I've talked about State Capitalism, haven't I? How China, which is supposed to be a communist country, has essentially perfected capitalism by turning the entire country into a giant business. Except it's not capitalism, really. China's probably the most ideologically socialist country on Earth because they actually remembered what Marx talked about— there are stages you have to progress through from capitalism to communism, and after Mao died, they screwed their heads on and realized that they were essentially still in "Stage Zero", which is to say, pre-capitalist agriculturalism. So they engaged in a decades-long NEP and entered the first stage, according to Marxist-Leninist beliefs. Using this mindframe, you can understand why they're doing what they're doing and why they tolerate such inequality. It makes sense to build megacity after megacity when only a village's worth of people move in when you're planning on filling up that city ten or twenty years down the line when you transition into economic socialism.

And interestingly, communists disown China. Why? Because they're not FULLCOMMUNIST now. They're "too bourgeois", just calling themselves red but not walking the walk. Which, apparently, means that they should look like Cuba. They shouldn't have any billionaires (or even millionaires) at all!

 

But what do you think would happen in a libertarian utopia where the government had minimal-to-no power and corporations were allowed to grow as they please? In order to enforce the NAP, you need some way to prevent violence. Privatize everything, and then you can get a corporation that has its own private police force that creates its own laws (most likely not different from typical laws of any municipality), as well as private healthcare and private emergency services. But to apply, you have to actually give your money to them at least a certain percentage of time or feign loyalty and pay your dues to the company. They pay you, but you also have to pay them a certain amount to live in these places and use their utilities, since these things aren't free. But don't call it a government, because that would be socialism.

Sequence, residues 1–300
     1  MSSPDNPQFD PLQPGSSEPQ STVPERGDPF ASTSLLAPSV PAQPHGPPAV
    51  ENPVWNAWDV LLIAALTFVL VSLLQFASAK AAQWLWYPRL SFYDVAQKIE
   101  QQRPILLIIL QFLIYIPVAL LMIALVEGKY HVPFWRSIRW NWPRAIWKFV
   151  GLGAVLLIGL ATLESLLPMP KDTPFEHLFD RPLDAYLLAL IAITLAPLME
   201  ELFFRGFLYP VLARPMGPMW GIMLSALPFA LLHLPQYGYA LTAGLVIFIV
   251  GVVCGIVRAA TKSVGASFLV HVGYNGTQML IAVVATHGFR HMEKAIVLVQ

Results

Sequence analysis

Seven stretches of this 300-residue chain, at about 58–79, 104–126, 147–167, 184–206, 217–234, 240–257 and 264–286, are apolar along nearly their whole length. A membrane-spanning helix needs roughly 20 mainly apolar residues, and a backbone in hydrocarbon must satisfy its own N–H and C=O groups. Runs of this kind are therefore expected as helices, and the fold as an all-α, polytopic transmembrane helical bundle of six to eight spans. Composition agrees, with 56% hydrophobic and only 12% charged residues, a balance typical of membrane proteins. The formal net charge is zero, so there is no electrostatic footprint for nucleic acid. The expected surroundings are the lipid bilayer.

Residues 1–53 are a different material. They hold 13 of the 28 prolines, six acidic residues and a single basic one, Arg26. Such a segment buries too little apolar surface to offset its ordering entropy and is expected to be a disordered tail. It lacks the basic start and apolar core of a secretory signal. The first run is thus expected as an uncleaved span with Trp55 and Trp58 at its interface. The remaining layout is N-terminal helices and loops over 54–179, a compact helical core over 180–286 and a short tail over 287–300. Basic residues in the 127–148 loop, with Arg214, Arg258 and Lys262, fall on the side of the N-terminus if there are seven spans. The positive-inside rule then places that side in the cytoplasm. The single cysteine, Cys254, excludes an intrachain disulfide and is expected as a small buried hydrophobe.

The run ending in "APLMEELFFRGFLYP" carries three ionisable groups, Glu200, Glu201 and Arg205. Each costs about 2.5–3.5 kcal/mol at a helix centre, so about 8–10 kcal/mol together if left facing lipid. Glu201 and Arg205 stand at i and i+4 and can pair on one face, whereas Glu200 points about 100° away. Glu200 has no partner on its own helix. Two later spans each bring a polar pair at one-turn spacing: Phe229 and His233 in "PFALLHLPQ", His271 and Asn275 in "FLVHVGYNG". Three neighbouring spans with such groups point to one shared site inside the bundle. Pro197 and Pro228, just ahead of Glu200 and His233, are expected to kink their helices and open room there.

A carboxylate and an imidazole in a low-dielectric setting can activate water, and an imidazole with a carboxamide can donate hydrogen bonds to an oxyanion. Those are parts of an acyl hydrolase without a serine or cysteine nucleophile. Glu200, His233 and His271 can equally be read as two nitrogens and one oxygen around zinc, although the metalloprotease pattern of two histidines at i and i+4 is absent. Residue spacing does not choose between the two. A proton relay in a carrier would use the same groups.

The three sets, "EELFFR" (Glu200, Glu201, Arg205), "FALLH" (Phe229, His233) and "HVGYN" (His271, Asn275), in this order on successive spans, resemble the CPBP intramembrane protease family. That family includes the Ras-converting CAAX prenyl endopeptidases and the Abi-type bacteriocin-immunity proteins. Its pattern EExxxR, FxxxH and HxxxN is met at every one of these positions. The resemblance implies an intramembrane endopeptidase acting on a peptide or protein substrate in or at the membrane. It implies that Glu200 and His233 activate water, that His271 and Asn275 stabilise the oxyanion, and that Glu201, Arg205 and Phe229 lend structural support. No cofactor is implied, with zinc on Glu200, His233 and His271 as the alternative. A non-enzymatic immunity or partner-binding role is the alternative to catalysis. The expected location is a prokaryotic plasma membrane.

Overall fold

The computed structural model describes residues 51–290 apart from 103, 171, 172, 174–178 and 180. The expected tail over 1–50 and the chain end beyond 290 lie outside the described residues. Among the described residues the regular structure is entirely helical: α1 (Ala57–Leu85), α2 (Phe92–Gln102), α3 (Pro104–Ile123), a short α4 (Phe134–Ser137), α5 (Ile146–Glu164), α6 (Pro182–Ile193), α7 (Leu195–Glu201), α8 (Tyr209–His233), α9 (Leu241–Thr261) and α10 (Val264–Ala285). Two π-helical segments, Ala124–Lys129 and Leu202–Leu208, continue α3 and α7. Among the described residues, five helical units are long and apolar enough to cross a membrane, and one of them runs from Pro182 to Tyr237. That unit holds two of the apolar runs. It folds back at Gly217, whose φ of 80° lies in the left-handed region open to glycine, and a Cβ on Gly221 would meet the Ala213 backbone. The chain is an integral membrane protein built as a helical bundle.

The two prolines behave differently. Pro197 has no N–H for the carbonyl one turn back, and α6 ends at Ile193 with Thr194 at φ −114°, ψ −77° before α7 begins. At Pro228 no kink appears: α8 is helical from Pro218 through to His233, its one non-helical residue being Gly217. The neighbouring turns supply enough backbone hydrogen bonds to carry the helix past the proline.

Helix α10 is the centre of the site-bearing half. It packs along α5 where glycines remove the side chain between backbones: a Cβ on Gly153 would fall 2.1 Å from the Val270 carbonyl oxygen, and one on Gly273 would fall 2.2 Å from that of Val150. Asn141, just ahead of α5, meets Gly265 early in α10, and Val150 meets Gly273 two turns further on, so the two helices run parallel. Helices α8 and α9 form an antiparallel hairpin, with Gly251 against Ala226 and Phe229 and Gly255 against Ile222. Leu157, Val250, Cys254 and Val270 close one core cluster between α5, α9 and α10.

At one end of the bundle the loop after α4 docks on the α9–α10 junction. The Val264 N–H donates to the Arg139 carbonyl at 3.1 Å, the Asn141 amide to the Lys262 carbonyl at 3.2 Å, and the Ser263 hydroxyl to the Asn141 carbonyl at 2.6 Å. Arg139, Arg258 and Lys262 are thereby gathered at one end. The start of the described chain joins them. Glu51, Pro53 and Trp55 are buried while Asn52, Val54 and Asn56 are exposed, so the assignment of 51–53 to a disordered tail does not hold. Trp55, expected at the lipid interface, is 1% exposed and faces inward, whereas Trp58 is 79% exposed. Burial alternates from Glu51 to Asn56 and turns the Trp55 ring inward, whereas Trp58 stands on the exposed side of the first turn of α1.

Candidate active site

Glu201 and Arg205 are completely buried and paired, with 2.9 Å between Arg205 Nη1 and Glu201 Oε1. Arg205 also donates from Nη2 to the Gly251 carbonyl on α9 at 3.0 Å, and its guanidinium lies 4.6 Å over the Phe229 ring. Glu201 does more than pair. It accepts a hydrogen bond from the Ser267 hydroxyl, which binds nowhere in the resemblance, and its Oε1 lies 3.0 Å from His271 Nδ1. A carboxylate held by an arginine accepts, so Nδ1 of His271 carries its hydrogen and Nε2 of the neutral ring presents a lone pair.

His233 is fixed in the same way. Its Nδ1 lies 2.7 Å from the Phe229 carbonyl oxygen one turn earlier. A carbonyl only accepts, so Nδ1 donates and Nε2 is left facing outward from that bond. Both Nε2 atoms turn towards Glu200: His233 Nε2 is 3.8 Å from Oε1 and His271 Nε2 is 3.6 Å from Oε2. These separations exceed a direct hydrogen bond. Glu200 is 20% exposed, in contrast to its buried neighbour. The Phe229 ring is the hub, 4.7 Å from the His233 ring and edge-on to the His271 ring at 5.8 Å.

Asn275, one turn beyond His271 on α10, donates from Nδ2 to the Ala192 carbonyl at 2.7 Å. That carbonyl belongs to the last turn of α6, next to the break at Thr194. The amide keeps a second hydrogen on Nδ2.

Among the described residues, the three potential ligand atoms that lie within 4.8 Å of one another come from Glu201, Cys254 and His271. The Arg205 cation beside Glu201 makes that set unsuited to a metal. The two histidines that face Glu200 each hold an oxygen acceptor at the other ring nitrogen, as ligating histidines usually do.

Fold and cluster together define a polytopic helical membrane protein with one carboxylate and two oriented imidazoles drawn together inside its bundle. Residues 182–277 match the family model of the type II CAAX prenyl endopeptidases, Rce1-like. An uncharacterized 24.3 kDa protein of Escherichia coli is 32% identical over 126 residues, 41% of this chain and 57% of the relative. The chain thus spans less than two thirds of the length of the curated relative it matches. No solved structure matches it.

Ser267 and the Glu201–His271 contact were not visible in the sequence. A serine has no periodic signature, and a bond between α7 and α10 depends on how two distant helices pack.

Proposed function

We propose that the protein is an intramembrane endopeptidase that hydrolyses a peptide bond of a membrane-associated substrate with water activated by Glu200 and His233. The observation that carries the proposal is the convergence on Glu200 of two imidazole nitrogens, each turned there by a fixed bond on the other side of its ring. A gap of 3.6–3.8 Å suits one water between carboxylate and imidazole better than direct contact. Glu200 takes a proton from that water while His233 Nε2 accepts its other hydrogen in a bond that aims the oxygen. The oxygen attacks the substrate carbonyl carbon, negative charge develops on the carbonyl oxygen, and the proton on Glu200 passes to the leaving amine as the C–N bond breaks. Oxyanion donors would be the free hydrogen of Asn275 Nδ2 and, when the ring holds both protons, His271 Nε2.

If there's any country like that, it would have to be South Korea or Singapore. Two highly successful countries that I've seen few libertarians even mention because of this sense that they still have a lot of statism going on. Except that's not what's going on— if anything, they've perfected capitalism and brought it out into its maximum potential, creating nations that transitioned from third world to first world in the course of a single generation. But because they don't look like '70s Chile, throwing leftists out of helicopters and having their economic policies be dictated by Milton Friedman, then they must not actually be as capitalist as we think.


And remember my friend, future events such as these will affect you in the future.


#35
caltrek

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I kind of agree with the stages of development it-is-all-in-the-timing approach.  Part of the problem with the Soviet Union (and even China under Mao) was that they tried to leapfrog over the next logical stage.  Basically, socialism is possible when there is basic wealth to share. Sharing poverty kind of sucks, unless you are a rebel against materialism, otherwise know as "being Christian."   UBI makes sense, but then so does Yuli's point concerning too heavy a reliance on centralized government.  So, I don't think it should be an either/or approach.  Rather, UBI should be adopted in order to encourage Vrydism, an Vrydism is needed in order to avoid excessive reliance on a central government.  Technism is good in that a technocratic elite (augmented by AI) can help generate the wealth that a socialist system can then help to share in a just manner.


The principles of justice define an appropriate path between dogmatism and intolerance on the one side, and a reductionism which regards religion and morality as mere preferences on the other.   - John Rawls


#36
joe00uk

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Except China socialised production in the 1950's, 60's and early 70's, and it worked out fine, some of the most rapid economic and industrial growth in all of history, second only to the USSR in the 1930's (which also socialised production although it was less developed than China is today). And unlike now, the Chinese people collectively benefited from the fruits of that growth and development. The Dengists then reversed socialisation of production and restored private property and capitalist relations of production. China today is probably about as developed as the USSR was in the 1970's, and yet it allows a gigantic private sector that has swamped what little remains of the state-owned economy, creating an enormous private concentration of wealth, where private property, private production, private exploitation of labour and private trading predominate, fostering a class of people whose material interests lie not with socialism but with capitalism. And somehow we're supposed to just assume that these people will willingly go along with the eventual reversal of this supposedly temporary NEP policy at some point in the future, when their wealth and power has ballooned even more. Right.